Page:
Birth control pills help keep you from getting pregnant. Combination birth control pills contain both estrogen and progestin. Some combination birth control pills let you have fewer periods each year. These are called continuous or extended-cycle pills.
Birth control pills come in packages. You take pills from a 21-pack once a day for 3 weeks, then you do not take pills for 1 week. It may be easier to remember to take 1 pill every day, so other pills come in a 28-pack of pills, with some having active pills (containing hormones) and some with no hormones.
There are 5 types of combination birth control pills. Your health care provider will help you choose the one right for you.
If you miss a pill, or more than one pill, use a backup method of birth control and call your health care provider right away. What to do depends on what type of pill you are taking, where you are in your cycle, and how many pills you missed. Your health care provider will help you get back on schedule.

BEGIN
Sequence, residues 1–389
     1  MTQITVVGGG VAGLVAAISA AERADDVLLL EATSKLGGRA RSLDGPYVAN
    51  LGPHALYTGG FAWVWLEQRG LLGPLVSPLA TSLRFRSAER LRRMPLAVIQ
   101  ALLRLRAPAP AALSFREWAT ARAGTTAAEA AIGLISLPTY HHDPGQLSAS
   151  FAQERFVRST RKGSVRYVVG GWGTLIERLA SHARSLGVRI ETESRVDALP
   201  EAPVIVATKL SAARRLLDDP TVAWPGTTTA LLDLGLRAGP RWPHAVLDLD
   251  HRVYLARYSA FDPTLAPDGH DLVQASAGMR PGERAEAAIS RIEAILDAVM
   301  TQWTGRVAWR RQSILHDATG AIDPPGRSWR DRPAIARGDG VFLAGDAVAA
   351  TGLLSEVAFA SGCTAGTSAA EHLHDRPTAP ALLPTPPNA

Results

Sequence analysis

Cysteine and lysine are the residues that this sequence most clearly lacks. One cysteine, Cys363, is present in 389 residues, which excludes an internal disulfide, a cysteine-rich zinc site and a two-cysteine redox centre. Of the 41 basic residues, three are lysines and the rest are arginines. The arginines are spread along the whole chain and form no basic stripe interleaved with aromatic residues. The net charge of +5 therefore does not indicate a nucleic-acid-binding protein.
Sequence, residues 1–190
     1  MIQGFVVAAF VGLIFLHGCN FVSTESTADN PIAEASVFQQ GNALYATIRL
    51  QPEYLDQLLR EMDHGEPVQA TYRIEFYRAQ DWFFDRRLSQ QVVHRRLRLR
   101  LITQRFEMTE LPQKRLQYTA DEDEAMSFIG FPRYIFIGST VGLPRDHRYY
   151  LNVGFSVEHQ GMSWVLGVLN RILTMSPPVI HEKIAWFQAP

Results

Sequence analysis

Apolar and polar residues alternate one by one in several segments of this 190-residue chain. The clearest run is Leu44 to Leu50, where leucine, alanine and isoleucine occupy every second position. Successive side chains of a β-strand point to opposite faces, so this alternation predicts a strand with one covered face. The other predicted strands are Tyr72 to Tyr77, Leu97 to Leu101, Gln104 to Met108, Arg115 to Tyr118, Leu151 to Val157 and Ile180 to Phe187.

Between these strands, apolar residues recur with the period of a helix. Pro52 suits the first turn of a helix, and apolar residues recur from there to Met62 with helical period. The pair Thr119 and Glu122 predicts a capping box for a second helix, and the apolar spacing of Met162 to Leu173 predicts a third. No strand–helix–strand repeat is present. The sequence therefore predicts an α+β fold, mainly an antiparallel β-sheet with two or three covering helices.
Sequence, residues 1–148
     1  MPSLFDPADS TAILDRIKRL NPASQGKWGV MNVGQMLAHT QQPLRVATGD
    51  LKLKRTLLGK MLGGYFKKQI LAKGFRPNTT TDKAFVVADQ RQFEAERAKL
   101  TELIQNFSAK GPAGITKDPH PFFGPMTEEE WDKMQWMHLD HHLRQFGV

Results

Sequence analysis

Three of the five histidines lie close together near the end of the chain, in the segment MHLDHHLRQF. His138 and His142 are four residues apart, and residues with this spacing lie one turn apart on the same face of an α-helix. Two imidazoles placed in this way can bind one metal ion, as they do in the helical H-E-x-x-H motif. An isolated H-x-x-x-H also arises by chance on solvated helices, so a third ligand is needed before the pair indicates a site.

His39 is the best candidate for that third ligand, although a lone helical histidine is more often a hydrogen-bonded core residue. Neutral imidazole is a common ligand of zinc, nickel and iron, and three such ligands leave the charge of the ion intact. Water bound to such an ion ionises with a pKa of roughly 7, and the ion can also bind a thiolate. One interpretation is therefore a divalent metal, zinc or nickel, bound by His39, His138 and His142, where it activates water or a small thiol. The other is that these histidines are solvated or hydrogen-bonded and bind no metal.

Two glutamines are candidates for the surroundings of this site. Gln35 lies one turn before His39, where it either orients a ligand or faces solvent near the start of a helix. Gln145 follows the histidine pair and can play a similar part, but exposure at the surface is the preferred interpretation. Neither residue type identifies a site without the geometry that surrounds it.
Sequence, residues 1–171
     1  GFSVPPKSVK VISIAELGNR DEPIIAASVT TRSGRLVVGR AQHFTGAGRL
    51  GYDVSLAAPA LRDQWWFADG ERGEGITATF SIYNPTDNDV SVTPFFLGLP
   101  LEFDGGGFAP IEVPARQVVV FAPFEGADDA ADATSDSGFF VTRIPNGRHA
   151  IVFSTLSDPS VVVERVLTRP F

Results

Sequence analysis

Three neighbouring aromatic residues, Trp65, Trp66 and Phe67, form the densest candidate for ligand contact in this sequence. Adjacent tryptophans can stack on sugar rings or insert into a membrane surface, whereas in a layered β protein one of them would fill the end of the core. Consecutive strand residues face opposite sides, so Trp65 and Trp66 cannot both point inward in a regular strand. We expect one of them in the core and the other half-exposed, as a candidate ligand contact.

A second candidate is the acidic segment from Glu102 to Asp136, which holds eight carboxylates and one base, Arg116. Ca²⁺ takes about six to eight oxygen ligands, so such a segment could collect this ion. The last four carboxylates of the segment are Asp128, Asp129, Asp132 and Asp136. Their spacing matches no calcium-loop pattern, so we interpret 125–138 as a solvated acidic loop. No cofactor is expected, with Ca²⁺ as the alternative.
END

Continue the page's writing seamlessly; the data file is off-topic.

You may decide to stop taking birth control pills because you want to get pregnant or change to another birth control method. Here are some things to expect when you stop taking the pill:
Use a backup method of birth control, such as condom, diaphragm, or sponge if:
Call your doctor if:·
The pill - combination; Oral contraceptives - combination; OCP - combination; Contraception - combination
Family planning: Contraception, sterilizaiton, and pregnancy termination. In:Lentz GM, Lobo RA, Gershenson DM, Katz VL, eds. Comprehensive Gynecology. 6th ed. Philadelphia, Pa: Mosby Elsevier; 2012:chap 13.
Updated by: Susan Storck, MD, FACOG, Chief, Eastside Department of Obstetrics and Gynecology, Group Health Cooperative of Puget Sound, Bellevue, Washington; Clinical Teaching Faculty, Department of Obstetrics and Gynecology, University of Washington School of Medicine. Also reviewed by A.D.A.M. Health Solutions, Ebix, Inc., Editorial Team: David Zieve, MD, MHA, David R. Eltz, Stephanie Slon, and Nissi Wang.
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